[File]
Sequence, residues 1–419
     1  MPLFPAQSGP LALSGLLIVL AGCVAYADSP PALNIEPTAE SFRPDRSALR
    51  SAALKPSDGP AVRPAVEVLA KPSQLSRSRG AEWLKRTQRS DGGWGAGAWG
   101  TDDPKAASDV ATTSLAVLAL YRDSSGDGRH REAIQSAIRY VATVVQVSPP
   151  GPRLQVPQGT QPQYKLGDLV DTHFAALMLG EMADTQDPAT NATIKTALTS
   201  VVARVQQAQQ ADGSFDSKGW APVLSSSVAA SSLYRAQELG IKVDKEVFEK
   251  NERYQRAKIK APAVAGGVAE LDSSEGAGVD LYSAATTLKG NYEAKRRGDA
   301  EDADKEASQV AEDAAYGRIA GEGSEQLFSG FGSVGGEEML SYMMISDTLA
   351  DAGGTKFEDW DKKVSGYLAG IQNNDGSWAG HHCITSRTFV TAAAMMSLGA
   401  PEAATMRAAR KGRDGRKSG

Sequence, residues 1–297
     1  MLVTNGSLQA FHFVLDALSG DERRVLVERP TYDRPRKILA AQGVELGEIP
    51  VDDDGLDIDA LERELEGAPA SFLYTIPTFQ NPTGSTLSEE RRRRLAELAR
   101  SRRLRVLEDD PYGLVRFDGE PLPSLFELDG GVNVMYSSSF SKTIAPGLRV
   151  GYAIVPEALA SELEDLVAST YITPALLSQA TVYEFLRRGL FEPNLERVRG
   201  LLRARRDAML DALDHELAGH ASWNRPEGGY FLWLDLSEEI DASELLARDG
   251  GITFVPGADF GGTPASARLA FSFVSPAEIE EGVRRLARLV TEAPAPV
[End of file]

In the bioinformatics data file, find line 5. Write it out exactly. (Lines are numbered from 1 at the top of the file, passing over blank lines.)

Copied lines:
   151  GPRLQVPQGT QPQYKLGDLV DTHFAALMLG EMADTQDPAT NATIKTALTS